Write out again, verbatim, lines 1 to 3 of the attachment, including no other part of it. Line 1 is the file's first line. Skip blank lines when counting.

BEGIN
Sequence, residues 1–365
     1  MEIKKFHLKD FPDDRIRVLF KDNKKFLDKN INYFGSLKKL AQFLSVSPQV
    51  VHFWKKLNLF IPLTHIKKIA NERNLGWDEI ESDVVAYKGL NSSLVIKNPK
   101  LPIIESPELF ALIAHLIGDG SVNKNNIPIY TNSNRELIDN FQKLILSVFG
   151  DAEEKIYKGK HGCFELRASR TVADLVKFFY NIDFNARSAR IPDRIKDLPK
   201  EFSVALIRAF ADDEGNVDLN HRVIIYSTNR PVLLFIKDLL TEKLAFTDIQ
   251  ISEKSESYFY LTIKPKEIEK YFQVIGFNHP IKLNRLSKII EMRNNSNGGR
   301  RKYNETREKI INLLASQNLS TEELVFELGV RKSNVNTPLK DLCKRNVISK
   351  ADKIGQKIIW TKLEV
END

Sequence, residues 1–365
     1  MEIKKFHLKD FPDDRIRVLF KDNKKFLDKN INYFGSLKKL AQFLSVSPQV
    51  VHFWKKLNLF IPLTHIKKIA NERNLGWDEI ESDVVAYKGL NSSLVIKNPK